As we headed out from the rodeo grounds Matt told me about last night’s dancing, gesturing how old men who could hardly walk were twirling women around. “It’s a sight to see,” he said.
We headed, for a cold swim, to the Stonyford reservoir, a muddy artificial lake filling what had doubtless been a stunningly beautiful valley. Last time I had gone swimming with Matt, maybe 15 years ago, we had gone skinny dipping in a clear Lake County spring-fed pond. This time we looked east to a fishing party with folding chairs and west to a family having a picnic out of two pickups. Then I changed reluctantly into my swimsuit on one side of the car, Matt changed into his shorts on the other.
After a cool dip that involved swimming after drifting plastic trash, we climbed back up the hill to the rental, changed into dry clothes and climbed back into my car. When we returned to the rodeo grounds people were still slowly packing up. A semi truck hooked up to a giant RV roared past us in first gear, a garbage collector wrestled an overflowing can and a woman in tight jeans folded up tables on which I’d seen hats, turquoise jewelry and rebel flags displayed. All of it was getting stuffed into a horse trailer.
Before we said good-bye, Matt heading home to Berkeley and I to Lake County, Matt advised: “You must check out the Timberline,” indicating the squat building on the next corner, the only corner in town. The simple, comforting rhythm of country west music thumped loud.
“Alright,” I agreed, doubting I would, “Maybe I will.”
“No, really, you gotta,” he said. “It’s a cultural experience.”
Matt knows my key words.
But the simple rhythm and major chords assured me and I squeezed my rental car in between an old Ford truck from which two unrestrained pit bulls glared, and a beater Toyota.
I felt silly locking the car, but did so out of habit.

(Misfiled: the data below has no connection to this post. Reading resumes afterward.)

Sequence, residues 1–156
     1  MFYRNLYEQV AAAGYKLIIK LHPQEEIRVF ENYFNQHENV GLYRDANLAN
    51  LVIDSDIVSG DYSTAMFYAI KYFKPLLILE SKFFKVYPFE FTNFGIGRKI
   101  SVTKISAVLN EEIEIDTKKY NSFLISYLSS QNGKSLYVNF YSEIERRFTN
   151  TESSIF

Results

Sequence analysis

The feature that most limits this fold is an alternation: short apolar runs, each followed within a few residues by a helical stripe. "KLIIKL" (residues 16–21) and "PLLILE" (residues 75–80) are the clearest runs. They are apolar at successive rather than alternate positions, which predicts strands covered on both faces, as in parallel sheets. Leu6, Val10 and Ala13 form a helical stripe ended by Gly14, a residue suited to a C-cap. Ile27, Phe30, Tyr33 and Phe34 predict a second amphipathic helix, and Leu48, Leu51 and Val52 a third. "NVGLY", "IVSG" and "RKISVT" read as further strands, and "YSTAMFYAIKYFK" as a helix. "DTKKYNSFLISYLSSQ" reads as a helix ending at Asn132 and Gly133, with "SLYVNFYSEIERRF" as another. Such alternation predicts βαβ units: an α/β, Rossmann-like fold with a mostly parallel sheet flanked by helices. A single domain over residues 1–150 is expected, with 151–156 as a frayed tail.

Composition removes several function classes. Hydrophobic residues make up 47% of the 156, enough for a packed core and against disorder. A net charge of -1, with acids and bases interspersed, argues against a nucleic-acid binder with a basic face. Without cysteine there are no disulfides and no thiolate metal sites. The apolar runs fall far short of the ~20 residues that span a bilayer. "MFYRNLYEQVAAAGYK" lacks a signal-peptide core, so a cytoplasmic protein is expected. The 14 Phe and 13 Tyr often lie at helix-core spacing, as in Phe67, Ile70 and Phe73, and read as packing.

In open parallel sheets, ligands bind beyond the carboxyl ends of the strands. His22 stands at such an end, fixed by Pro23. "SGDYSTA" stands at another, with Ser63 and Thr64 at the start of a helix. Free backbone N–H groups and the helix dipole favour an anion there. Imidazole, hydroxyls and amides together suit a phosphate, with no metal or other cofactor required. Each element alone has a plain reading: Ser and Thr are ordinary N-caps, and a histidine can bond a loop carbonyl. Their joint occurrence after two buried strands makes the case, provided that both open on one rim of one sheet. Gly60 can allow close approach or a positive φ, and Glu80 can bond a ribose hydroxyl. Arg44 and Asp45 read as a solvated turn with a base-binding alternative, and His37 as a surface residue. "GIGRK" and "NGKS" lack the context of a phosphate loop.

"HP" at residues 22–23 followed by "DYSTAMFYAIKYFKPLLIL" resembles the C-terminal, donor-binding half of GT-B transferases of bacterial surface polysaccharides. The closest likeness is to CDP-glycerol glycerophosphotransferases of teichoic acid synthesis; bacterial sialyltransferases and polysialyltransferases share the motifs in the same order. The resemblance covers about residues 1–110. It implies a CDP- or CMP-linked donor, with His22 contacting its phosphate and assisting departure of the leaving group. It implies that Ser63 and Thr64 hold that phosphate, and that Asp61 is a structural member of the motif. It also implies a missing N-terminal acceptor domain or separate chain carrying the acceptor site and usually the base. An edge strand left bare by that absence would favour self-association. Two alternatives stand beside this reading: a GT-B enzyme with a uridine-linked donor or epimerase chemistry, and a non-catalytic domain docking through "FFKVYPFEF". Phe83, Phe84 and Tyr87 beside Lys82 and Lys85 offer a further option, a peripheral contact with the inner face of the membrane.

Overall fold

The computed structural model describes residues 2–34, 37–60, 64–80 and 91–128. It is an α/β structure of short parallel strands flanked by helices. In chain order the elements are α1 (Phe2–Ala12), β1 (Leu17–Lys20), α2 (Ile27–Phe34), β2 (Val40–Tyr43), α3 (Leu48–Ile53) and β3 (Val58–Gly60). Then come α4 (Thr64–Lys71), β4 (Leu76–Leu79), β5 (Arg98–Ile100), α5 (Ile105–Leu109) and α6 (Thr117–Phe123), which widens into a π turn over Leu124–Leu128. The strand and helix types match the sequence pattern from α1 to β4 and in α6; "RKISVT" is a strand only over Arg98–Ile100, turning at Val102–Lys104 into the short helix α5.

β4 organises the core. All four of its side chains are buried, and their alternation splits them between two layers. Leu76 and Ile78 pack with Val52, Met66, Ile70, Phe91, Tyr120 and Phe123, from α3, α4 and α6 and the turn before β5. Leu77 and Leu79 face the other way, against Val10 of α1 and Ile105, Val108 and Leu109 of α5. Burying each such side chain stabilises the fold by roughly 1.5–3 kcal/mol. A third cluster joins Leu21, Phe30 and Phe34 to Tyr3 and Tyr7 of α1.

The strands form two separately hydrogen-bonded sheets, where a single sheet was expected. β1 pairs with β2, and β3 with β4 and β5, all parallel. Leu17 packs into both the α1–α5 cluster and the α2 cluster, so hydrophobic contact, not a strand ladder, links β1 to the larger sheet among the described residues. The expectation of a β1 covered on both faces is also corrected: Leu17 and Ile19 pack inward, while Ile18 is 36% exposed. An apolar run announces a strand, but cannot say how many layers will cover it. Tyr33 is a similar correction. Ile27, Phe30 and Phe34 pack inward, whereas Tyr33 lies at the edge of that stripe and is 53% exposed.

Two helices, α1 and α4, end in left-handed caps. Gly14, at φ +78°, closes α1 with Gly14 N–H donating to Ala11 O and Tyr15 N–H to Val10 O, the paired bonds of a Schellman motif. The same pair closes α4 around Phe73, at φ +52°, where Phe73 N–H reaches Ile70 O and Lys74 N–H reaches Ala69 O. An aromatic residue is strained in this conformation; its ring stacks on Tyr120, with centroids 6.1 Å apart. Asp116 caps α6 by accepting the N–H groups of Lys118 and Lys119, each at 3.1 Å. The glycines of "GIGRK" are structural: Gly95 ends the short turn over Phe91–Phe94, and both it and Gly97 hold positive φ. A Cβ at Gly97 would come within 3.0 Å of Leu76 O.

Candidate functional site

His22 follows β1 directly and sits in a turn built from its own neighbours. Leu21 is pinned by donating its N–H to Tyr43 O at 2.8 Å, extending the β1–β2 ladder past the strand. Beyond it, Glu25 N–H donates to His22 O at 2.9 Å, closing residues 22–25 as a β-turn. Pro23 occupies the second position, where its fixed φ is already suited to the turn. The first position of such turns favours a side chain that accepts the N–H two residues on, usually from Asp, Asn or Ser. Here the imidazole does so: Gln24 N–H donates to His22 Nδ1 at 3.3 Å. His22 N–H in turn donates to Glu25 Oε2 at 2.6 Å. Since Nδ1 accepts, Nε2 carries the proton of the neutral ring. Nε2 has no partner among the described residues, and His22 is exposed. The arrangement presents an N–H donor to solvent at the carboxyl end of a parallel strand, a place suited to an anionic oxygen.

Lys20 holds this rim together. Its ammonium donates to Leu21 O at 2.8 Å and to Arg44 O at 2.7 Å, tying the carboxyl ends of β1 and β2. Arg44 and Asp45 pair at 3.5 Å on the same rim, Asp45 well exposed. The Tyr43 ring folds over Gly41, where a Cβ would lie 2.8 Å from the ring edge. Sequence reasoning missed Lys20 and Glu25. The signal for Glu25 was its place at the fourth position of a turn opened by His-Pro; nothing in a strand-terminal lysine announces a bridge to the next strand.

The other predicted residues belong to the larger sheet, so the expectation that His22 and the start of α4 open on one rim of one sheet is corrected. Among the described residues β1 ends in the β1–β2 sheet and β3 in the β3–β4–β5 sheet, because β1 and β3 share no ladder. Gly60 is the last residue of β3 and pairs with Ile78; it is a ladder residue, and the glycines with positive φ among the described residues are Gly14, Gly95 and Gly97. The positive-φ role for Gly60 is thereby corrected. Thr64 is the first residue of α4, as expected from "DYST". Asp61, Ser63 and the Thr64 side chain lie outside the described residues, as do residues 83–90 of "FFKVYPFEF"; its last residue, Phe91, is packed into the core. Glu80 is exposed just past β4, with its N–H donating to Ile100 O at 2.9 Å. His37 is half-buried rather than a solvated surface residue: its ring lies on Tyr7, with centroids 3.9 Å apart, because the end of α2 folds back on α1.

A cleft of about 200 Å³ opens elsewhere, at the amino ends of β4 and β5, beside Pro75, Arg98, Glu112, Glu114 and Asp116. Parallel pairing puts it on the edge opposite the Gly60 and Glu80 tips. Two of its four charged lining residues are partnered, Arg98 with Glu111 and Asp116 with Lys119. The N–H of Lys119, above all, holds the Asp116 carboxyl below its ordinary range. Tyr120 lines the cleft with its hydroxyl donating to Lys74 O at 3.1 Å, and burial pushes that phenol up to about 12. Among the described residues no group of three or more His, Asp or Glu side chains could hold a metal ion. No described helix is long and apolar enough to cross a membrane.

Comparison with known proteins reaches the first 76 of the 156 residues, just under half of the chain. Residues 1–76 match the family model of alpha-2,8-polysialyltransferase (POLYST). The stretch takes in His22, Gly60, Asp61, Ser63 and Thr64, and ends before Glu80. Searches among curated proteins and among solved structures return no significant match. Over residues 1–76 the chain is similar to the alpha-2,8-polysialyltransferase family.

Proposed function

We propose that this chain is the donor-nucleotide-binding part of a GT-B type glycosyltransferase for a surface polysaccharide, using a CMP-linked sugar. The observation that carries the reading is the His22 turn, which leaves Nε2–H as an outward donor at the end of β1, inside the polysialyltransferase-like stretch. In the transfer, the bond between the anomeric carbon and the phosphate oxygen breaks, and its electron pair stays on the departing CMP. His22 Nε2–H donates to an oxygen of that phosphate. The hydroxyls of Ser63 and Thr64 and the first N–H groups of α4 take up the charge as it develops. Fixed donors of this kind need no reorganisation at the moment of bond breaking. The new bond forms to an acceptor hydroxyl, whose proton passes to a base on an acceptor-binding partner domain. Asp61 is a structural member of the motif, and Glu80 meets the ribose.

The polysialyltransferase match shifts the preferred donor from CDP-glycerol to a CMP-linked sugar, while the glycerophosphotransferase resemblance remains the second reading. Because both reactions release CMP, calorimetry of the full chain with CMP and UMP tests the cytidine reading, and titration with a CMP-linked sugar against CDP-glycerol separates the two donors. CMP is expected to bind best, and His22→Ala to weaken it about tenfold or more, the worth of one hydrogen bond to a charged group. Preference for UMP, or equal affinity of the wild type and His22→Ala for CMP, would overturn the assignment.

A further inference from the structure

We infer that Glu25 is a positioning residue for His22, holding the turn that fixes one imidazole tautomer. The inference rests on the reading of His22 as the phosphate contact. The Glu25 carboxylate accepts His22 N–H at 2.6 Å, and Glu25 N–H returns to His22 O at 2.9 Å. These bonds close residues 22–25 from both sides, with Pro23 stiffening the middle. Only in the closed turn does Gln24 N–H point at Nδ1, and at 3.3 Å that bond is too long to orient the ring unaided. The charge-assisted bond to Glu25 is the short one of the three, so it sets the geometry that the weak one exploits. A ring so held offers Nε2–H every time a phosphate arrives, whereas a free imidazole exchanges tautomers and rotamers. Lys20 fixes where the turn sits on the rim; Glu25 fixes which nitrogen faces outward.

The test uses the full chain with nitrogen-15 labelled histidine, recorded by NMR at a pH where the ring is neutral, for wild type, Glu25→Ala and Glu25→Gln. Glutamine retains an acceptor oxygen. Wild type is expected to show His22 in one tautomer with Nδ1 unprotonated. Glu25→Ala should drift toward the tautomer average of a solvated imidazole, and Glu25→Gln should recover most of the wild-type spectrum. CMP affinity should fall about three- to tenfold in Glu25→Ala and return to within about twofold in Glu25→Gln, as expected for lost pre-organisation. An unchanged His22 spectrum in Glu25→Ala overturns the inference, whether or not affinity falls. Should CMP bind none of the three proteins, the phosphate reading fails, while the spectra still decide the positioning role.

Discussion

Somehow I went straight in the front door and stood at the bar.
A man and a woman behind the bar argued as a customer holding cash waited.
The dispute was soon resolved – or at least ended — and I was asked what would please me.
“What do you have on draft?” I asked.
“Bud n Bud Light,” I learned, from a voice trying to retain respect.
“Can you make me a gin and tonic?” I asked, also struggling to retain respect. In my culture we call that brand of beer “Butt wiper.”
I tasted my G and T, then stirred it. I think he forgot the T. But he hadn’t forgotten the lemon.
I stood in the door frame searching the crowd for familiarity, which I soon found.
A dark-haired woman I had seen Matt greet earlier in the day stood by a slightly-less familiar man near the door. I approached, confirmed they were Kelseyville peeps and asked if I did not know them.
“You are Maile, right?” the woman asked.
“Well, I’m the secretary at the elementary school but also you used to harvest our vineyard,” she said.
I was embarrassed.
How could I forget?
I had been managing about a dozen vineyards when my husband and I had pulled up stakes and headed east four years earlier. But to forget a client was, well, kinda rude.
But the woman smiled. I suggested she dance, pointing to the man next to her who stood resolutely staring another way. She shook her head in defeat. “He won’t,” she said.
She and her husband stood as still as posts watching the dancers.
I wondered why they were there.
“Maybe if you danced with someone else he would get in gear,” I suggested, pointing to an equally-geeky man near the bar.
“Someone’s gotta ask him,” she responded.
I was not game and told her so with a quick shake of my head.
I finished my drink and headed south, nodding a good-bye as the music had become too loud to speak.
I stopped to photograph the wildflowers, but in the fading light, they had closed.